Page 28 - Florida Sentinel 12-11-20
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Louisville Police's 'No-Knock' Warrants Most Often Targeted Black Residents, Analysis Shows
The House Voted To Decriminalize Weed
    WASHINGTON — The House voted last week to de- criminalize cannabis, a historic symbolic moment marking Congress’ belated move toward embracing the views held by a large majority of Americans.
The House voted to pass the Marijuana Opportunity Rein- vestment and Expungement Act on Friday, the first time ei- ther chamber of Congress has ever voted on marijuana de- criminalization.
The final vote was 228-164, with most Democrats joined by 5 Republicans and an inde- pendent to pass the legislation. Most Republicans and six De-
mocrats opposed the bill.
The bill is a major symbolic
victory for marijuana rights advocates and criminal justice reform. But it’s likely not going anywhere soon: Senate Repub- licans have indicated there’s no appetite to pass the measure.
While federal law on mari- juana has been largely stag- nant in recent decades, voters have been moving hard to- wards support of legalization across the country. Voters in four more states voted to legal- ize marijuana in the 2020 elec- tion—Arizona, Montana, New Jersey, and South Dakota— bringing the total number of states where marijuana is legal to 15,
   LOUISVILLE, Ky. – Police disproportionately targeted Black residents for "no-knock" search warrants like the one that led officers to Breonna Taylor's door the night they fatally shot her, an analysis shows.
The findings by the
Louisville Courier Journal, part of the USA TODAY Net- work, echo the concerns of civil rights advocates and ex- perts who say no-knock war- rants are used more frequently against Black and brown Americans.
"The common factors are the poor and people of color – in a
highly disproportionate way," said Peter Kraska, a profes- sor at Eastern Kentucky Uni- versity who has testified before the U. S. Senate on law enforcement's use of military tactics and equipment.
In the past two years, before the city banned them in June, Louisville Metro Police De- partment officers received court approval for at least 27 no-knock warrants – allowing police to legally break in to homes without first knocking, announcing themselves and waiting for residents to re- spond, usually about 30 sec- onds.
Employee Said She Was Fired For Calling Out The Google's Treatment Of Minority Employees
A Black woman known as a “rare voice of public criticism” at Google has been fired by the tech company after sending an internal email calling out the company’s treatment of mi- nority employees—and in par- ticular, those who are Black and female.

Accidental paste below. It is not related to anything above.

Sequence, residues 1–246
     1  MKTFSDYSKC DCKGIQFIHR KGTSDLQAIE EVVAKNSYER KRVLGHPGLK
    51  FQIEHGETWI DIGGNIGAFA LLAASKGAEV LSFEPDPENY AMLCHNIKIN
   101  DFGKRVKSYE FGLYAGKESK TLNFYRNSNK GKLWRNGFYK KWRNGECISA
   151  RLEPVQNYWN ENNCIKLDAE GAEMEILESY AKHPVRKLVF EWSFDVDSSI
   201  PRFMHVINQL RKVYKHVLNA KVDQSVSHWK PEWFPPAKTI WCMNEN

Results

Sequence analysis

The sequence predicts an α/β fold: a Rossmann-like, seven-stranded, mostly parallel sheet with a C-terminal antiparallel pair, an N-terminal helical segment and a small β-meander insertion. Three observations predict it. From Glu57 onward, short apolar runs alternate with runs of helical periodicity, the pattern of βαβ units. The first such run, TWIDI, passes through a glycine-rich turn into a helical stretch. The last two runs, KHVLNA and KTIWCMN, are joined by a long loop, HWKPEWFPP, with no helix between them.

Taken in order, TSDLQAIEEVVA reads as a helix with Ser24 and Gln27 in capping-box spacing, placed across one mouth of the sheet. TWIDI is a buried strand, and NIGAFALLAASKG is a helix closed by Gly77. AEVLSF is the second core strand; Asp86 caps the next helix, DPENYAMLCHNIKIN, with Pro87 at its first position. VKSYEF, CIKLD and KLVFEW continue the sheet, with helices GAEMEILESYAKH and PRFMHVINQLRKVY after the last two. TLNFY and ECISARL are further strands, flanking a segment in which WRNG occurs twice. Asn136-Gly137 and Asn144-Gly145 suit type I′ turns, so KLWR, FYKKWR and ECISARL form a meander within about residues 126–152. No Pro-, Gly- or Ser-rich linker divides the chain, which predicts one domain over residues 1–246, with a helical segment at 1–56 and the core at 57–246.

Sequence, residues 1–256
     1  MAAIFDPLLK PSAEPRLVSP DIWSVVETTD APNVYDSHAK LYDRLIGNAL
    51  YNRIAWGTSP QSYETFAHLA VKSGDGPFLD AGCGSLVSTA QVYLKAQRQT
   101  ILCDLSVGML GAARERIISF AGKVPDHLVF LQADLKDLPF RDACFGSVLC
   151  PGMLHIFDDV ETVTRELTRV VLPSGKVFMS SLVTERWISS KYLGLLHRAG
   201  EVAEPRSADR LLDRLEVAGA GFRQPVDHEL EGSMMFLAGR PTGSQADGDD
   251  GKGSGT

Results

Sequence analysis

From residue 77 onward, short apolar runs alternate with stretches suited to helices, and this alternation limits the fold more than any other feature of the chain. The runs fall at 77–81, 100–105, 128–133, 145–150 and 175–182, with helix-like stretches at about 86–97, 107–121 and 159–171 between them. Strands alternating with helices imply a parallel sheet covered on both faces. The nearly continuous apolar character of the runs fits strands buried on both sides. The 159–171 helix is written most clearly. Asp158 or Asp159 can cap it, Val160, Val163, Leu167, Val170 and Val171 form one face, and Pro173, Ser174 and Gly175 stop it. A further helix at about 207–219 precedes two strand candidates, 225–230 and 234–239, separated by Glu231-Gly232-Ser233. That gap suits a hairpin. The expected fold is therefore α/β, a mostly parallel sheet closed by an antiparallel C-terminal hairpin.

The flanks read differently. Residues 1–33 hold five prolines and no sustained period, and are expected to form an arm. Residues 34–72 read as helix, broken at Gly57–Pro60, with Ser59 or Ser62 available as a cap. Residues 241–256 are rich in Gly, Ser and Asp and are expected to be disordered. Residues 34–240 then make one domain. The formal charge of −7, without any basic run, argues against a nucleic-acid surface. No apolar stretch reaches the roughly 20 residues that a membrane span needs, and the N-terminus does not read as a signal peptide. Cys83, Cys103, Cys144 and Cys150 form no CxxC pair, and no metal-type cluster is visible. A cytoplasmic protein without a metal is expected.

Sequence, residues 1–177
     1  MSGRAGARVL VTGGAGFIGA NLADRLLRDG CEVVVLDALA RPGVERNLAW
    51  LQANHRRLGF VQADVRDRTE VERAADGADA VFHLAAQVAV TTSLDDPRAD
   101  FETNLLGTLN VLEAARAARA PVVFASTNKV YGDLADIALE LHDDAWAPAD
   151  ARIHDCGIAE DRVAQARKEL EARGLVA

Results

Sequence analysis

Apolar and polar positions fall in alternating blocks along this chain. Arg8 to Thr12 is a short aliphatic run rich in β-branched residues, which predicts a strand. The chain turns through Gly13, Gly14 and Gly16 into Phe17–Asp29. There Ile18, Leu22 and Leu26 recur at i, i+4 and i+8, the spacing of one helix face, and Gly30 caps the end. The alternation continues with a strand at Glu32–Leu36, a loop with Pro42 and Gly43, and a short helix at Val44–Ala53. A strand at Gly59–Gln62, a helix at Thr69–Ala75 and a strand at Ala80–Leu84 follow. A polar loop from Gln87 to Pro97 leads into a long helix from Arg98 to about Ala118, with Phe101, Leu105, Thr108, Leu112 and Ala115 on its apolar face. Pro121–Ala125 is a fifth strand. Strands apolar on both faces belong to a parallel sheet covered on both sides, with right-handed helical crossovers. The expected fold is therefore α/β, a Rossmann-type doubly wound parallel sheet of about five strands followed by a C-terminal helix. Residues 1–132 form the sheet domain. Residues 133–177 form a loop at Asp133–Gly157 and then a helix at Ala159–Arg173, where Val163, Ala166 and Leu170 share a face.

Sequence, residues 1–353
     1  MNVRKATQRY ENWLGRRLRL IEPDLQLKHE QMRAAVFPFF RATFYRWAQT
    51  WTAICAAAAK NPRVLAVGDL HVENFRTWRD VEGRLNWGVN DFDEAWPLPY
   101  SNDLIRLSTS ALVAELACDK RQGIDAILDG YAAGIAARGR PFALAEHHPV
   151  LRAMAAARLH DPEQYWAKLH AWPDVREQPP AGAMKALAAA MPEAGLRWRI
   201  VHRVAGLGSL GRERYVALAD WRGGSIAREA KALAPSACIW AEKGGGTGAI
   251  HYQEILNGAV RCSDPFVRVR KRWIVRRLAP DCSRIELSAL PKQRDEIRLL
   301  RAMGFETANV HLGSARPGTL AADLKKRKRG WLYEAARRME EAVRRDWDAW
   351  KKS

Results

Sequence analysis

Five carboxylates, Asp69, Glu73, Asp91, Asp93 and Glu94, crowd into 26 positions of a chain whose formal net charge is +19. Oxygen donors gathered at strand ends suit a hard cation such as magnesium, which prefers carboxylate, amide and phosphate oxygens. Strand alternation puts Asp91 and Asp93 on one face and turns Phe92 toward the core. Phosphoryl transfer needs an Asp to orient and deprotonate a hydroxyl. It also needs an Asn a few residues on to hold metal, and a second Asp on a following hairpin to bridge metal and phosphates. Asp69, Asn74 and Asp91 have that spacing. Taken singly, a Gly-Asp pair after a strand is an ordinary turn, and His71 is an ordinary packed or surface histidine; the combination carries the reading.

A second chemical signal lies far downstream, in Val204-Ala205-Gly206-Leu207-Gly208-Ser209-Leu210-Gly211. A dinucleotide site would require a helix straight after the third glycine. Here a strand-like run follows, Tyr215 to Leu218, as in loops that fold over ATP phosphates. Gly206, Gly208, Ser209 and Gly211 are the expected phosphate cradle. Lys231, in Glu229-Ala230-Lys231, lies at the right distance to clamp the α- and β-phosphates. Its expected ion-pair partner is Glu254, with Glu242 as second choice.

Timnit Gebru, who co-led the Ethical Artificial Intelli- gence team at Google, is con- sidered a pioneer in the field, with a particular focus on how facial recognition software is biased against people of color. As Bloomberg reports, Gebru says she was fired by the head
of Google’s AI division on Wednesday for an email she sent to coworkers in which she
said she felt “constantly dehu- manized” at the tech company. Gebru says she believes that her firing was intended to have a chilling effect on other em- ployees, sending a message about the consequences of speaking up.
The email followed a strug- gle between Gebru and the company over a research paper Gebru had co-written with six other people, includ- ing four Google employees, which was critical of AI sys- tems known as “large language models,” the Washington Post reports.
  Teacher Who Adopted Her Former Student And His Brother Eliminates Over $48,000 In Debt
  A 29-year-old woman who adopted a former student and his brother is now celebrating being completely debt-free.
Chelsea Haley of Marietta, Georgia, has eliminated a total of $48,683.41 -- the amount she owed in credit cards and student loans with interest.
"It doesn't feel real yet," Haley, mom of Jerome, 17, and Jace, 6, told "Good Morning America." "It's so amazing. I even logged into my student loans and it said, 'Cleared. Zero balance.'"
Haley was teaching in Baton Rouge, Louisiana, in 2015, on a two-year commit- ment to Teach for America, which is an organization that recruits recent college gradu- ates to work in low-income schools. Her son, Jerome, was in her 4th-grade class at
 the time.
When Haley saw Jerome
getting suspended from school and failing to progress academically, she started
spending time with him -- going to his football games, buying him school supplies and more, she told "GMA" in 2018.

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